A cute idea in theory — does it work in practice? Apparently so. Management professors Eric Anderson, Song Lin, Duncan Simester and Catherine Tucker have studied people, such as Herb, whom they call “Harbingers of Failure”. (Their paper by that name is forthcoming in the Journal of Marketing Research.) They used a data set from a chain of more than 100 convenience stores. The data covered more than 100,000 customers with loyalty cards, more than 10 million transactions and nearly 10,000 new products. Forty per cent of those products were no longer stocked after three years, and were defined as “flops”.

. . .

The harbinger customers are those who buy lots of flops and, in particular, those who buy flops and then go back for more, repeatedly buying the same unpopular product. It turns out that having identified these flop-loving customers, you can get a good idea of future failures by watching whatever they buy next. This is interesting: in principle there’s no reason why a customer who loves an unpopular flavour of soft drink would be more likely to also love an unpopular brand of shampoo.

In practice, however, the data show a class of people with an eclectic taste in products that others dislike.

Anderson and his colleagues reckon that their results are robust within the particular context of the convenience store data. Whether the technique could also be used for films and books, or computers and tablets, remains to be seen. But it’s already a good example of the kind of patterns that emerge from much larger and more detailed data sets than ones traditionally available to social scientists.

A final question is whether you can spot Harbingers of Failure without access to their shopping habits, purely from demographic information. The answer seems to be no. Harbingers of Failure are much like the rest of us. The only difference is that they love the products that we hate.

Written for and first published at ft.com.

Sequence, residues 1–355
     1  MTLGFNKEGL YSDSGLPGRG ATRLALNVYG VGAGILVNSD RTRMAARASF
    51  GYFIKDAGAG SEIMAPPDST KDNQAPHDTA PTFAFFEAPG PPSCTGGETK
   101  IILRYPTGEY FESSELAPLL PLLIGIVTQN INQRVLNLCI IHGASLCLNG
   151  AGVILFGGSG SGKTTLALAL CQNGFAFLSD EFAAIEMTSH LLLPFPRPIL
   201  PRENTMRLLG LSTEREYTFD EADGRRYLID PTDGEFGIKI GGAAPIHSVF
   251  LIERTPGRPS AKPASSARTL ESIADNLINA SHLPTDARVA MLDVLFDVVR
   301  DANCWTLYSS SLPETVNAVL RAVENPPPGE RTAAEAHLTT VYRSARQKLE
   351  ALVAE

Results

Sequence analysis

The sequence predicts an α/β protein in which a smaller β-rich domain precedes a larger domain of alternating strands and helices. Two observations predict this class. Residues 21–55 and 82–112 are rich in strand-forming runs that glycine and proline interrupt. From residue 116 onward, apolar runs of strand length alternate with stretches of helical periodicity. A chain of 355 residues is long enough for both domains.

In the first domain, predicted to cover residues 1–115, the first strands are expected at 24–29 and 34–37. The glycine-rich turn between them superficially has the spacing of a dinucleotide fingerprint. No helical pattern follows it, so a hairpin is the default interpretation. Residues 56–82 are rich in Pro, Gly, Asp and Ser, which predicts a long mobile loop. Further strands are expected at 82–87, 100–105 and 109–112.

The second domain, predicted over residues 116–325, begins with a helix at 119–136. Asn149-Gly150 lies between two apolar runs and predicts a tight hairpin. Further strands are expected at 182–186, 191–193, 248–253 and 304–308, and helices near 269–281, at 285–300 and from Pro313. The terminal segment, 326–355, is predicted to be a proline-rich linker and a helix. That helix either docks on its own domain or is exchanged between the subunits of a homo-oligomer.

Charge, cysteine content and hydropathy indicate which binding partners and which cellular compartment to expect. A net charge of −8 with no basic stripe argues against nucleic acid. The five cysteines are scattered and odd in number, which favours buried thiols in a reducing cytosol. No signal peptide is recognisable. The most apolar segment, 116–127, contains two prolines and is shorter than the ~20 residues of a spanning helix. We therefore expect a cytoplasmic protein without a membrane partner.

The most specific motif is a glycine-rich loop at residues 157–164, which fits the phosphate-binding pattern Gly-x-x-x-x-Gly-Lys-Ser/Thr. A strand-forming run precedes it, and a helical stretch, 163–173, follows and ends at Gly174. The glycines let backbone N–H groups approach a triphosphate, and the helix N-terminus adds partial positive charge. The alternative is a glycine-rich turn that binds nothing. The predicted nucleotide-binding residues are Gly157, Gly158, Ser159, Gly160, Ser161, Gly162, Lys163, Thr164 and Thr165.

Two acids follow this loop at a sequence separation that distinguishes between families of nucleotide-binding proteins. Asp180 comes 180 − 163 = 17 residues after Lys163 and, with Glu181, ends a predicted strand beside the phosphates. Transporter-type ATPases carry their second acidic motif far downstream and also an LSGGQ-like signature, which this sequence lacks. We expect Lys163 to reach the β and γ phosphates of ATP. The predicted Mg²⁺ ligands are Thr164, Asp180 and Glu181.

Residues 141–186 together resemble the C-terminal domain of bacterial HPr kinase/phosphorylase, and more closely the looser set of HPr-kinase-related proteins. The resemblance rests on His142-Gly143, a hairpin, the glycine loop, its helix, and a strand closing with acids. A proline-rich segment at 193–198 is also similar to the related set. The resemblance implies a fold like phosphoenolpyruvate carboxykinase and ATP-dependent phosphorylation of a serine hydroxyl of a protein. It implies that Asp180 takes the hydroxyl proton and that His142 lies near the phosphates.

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richardnolan
1795 days ago
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Photographer Makes Fruits and Vegetables Glow by Sticking Lights Inside

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glowing

Romanian photographer Radu Zaciu has been experimenting recently with photographing fruits and vegetables using internal lighting. He places bulbs illuminates the produce from the inside and uses that as the main only light source for his series of glowing images. The project is called “The Light Inside.”

He starts by drilling or carving holes into the fruits and veggies. The holes need to be big enough to fit a light bulb, but not so big that it completely removes the flesh of the “subject” (which helps give a glow color that unique to the fruit).

“It all started with a game of words,” Zaciu tells us. “The German word for light bulb is ‘gluehbirne’, what literally means ‘glowing pear’.” His first attempt was literally with a pear, which he photographed as a light bulb:

PP Pear light bulb

After seeing how beautiful the internal lighting made the fruit, he decided to try the same thing with other fruits and veggies. Zaciu used small light bulbs from flashlights for smaller fruits and 220V 40W light bulbs for larger ones.

PP Making Of 1 - Equipment

PP Making Of 2 - Drill

PP Making Of 5 - Endive Flash

PP Making Of 3 - Drill

PP Making Of 7 - Cauliflower

The amount of light shining through is quite weak, so Zaciu shoots in complete darkness and uses long exposure times of more than 10 seconds to properly expose the subjects. He also throws in a tiny bit of light painting for things like leaves in order to light them for the shots.

Here are some of the photographs in the project so far:

Cauliflower

Cauliflower

Cabbage

Cabbage

Strawberry

Strawberry

Potato

Potato